Ms. Green: The only thing that was sort of a damper on our celebrations was Martin's tongue.
Dr. Balis: What?
Ms. Green: I knew you'd be interested. Martin is a smart man, but he still can't use a microwave for the life of him. He was heating up some leftover Chinese food. He kept touching it and touching it, and it was still cold. Finally, he just didn't want to wait anymore and stuffed a huge glob of it into his mouth. And you know how microwaves are? Some parts are left ice cold, while others are boiling hot. Martin's tongue was completely out of commission for our entire honeymoon!
Dr. Balis: What a shame.
Ms. Green: Kathy and I had to punish him for that of course.
Dr. Balis: Of course.
Ms. Green: We tied him to the bed, and the two of us...oh, never mind.
Dr. Balis: So are you sure that this is what you want, Anna? Are you sure that this was completely your decision--you weren't pushed into this...
Ms. Green: I think I'm sure. I'm very happy right now, Doctor Balis. Very. After I decided to say yes, it was like a giant load fell of my shoulders and I felt liberated and happy and free. I haven't felt that way for a long time. I love my family--Martin and Kathy. And it's a good feeling, Doctor.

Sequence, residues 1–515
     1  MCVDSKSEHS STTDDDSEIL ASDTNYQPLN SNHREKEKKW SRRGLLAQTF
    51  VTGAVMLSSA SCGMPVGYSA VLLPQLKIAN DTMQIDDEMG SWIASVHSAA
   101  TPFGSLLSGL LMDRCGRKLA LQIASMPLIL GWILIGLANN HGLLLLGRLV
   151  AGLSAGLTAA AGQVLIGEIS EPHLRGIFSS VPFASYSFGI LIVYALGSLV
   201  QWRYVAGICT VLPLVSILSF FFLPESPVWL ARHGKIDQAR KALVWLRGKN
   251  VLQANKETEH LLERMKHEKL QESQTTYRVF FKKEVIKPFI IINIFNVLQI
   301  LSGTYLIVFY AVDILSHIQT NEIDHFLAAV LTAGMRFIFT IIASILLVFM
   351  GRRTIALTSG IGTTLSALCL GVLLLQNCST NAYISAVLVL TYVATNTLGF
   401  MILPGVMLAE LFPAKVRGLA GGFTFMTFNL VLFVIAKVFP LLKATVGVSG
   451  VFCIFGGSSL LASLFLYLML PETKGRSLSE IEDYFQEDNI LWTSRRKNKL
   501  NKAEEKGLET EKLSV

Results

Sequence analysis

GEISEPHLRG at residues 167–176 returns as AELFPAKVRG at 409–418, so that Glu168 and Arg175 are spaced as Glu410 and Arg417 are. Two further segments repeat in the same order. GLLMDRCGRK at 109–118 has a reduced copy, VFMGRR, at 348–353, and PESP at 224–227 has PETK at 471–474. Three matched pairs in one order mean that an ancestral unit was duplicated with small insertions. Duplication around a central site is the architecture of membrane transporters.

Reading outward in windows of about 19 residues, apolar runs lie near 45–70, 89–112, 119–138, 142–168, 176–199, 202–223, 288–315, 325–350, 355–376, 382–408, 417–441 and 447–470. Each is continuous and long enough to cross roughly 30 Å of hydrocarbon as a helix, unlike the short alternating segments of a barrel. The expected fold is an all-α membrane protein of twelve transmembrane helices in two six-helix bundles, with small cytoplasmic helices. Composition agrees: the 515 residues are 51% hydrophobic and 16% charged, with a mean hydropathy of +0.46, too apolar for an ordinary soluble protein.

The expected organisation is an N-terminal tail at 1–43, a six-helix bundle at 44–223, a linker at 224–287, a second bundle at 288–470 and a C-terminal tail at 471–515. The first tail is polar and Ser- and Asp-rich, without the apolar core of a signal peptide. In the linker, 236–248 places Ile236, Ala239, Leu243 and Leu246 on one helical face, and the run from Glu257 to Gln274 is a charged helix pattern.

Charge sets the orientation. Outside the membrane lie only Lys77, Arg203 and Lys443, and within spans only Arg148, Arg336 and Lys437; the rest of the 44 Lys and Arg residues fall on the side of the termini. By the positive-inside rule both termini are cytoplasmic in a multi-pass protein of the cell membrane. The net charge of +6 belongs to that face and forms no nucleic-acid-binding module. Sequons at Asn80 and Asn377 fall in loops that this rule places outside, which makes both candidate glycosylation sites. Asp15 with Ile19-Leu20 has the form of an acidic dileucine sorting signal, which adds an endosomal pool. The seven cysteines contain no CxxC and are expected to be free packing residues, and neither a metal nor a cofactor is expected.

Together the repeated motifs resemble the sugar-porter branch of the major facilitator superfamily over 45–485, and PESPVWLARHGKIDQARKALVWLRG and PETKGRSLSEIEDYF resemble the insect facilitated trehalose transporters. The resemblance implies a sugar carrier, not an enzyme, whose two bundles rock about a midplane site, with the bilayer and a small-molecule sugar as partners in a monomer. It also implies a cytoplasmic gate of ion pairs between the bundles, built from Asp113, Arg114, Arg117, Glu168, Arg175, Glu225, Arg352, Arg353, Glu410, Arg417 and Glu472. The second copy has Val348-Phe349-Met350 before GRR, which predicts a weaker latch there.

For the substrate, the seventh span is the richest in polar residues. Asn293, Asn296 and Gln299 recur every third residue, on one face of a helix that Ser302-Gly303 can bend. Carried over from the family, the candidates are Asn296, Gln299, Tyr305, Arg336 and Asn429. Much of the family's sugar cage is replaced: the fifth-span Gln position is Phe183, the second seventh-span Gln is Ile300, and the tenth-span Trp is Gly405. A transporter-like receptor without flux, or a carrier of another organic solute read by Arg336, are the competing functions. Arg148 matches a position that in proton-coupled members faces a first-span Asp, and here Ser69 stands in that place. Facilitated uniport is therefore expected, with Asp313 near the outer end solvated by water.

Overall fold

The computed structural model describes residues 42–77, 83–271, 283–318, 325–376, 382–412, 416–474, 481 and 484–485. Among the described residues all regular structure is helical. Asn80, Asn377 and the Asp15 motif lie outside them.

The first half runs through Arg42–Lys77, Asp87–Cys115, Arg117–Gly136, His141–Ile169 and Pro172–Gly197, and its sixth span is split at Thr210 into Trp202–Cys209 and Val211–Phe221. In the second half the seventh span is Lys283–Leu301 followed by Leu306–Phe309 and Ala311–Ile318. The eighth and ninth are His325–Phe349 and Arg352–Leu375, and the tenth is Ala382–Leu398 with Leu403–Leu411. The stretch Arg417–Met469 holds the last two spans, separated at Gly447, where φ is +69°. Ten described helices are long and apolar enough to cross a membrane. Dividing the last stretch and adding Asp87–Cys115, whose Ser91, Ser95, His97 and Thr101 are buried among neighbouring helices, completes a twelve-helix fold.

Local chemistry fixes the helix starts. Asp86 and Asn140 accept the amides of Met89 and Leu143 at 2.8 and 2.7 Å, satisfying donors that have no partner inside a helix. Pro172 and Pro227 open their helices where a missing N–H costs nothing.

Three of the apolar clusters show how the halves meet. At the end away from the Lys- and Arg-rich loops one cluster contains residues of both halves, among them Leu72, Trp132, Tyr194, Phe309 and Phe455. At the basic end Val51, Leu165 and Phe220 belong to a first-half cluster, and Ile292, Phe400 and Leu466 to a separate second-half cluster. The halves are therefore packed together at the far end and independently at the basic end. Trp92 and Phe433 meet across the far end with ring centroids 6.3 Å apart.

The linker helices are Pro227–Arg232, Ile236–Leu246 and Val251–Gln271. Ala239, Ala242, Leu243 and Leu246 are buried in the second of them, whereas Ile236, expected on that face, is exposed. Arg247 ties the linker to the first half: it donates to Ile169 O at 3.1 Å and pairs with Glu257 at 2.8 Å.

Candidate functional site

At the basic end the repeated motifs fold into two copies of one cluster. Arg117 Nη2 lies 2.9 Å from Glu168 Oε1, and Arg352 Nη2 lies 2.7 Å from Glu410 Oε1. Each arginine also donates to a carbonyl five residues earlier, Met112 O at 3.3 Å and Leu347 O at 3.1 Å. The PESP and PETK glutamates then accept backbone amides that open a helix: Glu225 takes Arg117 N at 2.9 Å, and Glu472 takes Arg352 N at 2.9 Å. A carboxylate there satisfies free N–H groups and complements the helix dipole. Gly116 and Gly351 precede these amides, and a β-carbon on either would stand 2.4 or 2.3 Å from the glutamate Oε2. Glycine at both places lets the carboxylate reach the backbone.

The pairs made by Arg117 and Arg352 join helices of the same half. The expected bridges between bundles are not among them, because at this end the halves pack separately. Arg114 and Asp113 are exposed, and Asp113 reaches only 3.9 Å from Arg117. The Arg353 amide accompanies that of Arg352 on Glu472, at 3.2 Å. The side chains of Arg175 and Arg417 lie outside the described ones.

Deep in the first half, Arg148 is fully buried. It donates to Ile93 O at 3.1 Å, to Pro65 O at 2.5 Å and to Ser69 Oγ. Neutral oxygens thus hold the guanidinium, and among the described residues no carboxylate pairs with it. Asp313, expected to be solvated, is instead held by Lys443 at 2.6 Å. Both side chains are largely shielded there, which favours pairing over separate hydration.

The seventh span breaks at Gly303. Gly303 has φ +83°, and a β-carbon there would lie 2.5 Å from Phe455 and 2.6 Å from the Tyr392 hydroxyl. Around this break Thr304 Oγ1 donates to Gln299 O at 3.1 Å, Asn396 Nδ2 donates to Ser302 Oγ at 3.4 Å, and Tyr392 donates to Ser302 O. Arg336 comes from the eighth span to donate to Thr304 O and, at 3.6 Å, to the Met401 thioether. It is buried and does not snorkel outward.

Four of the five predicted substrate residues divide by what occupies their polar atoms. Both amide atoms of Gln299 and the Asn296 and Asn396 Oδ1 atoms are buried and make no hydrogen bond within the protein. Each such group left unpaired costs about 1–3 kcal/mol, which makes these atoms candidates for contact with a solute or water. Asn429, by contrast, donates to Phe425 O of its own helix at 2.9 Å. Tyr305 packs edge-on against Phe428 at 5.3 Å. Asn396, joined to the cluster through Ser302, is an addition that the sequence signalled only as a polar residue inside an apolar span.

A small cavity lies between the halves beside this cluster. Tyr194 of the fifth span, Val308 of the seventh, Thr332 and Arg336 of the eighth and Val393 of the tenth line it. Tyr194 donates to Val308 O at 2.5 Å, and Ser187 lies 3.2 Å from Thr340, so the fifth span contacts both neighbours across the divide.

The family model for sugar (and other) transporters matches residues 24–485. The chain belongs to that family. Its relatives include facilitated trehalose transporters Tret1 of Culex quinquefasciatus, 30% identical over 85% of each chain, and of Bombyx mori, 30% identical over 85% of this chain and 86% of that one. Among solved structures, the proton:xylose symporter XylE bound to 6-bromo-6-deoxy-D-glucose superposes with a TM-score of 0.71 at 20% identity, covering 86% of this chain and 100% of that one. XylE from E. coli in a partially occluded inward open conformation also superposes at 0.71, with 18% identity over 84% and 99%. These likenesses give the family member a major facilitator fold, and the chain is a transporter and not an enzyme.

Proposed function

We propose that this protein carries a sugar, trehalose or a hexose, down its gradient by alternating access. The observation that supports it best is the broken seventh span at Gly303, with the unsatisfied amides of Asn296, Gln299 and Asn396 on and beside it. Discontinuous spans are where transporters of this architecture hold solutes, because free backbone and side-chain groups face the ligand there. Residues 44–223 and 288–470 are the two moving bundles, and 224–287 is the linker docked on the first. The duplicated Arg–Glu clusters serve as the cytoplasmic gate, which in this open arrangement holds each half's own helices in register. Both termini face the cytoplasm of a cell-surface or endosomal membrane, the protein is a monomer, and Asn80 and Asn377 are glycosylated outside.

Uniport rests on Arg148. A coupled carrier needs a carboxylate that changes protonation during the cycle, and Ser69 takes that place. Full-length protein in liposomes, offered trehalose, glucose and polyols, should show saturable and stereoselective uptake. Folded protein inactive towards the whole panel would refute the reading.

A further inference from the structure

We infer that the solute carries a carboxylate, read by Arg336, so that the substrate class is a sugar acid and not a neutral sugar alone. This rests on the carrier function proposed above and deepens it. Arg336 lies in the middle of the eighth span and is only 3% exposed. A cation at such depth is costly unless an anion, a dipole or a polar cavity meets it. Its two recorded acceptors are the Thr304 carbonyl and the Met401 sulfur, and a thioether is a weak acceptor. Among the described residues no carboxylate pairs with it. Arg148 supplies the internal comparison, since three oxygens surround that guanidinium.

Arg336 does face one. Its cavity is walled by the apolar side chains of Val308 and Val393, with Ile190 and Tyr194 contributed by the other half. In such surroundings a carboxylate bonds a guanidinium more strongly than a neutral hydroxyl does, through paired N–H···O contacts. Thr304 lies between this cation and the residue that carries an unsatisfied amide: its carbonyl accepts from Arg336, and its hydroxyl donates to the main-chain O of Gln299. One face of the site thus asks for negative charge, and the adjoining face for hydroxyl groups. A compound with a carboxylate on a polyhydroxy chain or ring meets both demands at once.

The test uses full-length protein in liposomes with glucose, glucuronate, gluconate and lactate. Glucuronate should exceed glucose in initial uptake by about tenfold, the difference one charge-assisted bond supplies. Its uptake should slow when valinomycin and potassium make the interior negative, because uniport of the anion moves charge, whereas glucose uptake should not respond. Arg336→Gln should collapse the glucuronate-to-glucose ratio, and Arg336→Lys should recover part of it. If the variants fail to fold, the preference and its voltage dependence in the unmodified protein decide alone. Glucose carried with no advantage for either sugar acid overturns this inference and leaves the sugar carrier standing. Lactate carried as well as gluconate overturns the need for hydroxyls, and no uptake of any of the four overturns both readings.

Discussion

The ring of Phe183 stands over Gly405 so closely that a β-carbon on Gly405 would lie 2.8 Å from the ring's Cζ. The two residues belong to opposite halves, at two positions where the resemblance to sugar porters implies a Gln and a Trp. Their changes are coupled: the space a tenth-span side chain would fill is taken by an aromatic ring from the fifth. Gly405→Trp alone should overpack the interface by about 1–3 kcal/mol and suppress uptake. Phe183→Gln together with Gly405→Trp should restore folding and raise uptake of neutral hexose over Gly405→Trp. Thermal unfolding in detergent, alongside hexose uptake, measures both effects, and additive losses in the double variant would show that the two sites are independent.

Dr. Balis: Then I'm very happy for you.
Ms. Green: No, you're not. But I will make you believe that this is one of the best things that ever happened to me. And you know, Doctor?
Dr. Balis: Hmm?
Ms. Green: It's all because of you.
Dr. Balis: Oh?
Ms. Green: I have you to thank for my happiness. You really got me through some very rough times in my life, and I'm very grateful. Now that I'm happy, I can look back on my life and see how much confusion and misery there was there--one bad relationship after another. But no more. I'm happy now. And you are responsible.
Dr. Balis: I'm not sure I'm willing to take all that responsibility. But it's getting late, Anna, and I'm very tired. Do you mind if we end a bit early today?
Ms. Green: Sure, go get some rest, Doctor Balis. And thank you for everything.
Dr. Balis: I'll see you next week?
Ms. Green: Absolutely. Good night, Doctor.
Dr. Balis: Good night, Anna.
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Button to Dr. Balis' Notes Doctor Balis' Notes on this Session